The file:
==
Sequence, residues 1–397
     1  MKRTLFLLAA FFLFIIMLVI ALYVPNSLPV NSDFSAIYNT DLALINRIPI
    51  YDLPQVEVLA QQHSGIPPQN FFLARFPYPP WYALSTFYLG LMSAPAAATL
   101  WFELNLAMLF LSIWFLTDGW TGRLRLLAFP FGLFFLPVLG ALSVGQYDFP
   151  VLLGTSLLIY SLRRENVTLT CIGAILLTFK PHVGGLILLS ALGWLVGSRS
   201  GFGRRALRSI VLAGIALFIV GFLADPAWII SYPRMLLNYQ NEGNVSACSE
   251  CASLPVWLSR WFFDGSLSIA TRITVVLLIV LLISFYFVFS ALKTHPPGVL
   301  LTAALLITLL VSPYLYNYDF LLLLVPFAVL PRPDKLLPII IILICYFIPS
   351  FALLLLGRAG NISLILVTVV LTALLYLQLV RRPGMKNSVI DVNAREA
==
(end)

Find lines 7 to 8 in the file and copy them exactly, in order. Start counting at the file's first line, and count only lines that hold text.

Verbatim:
   251  CASLPVWLSR WFFDGSLSIA TRITVVLLIV LLISFYFVFS ALKTHPPGVL
   301  LTAALLITLL VSPYLYNYDF LLLLVPFAVL PRPDKLLPII IILICYFIPS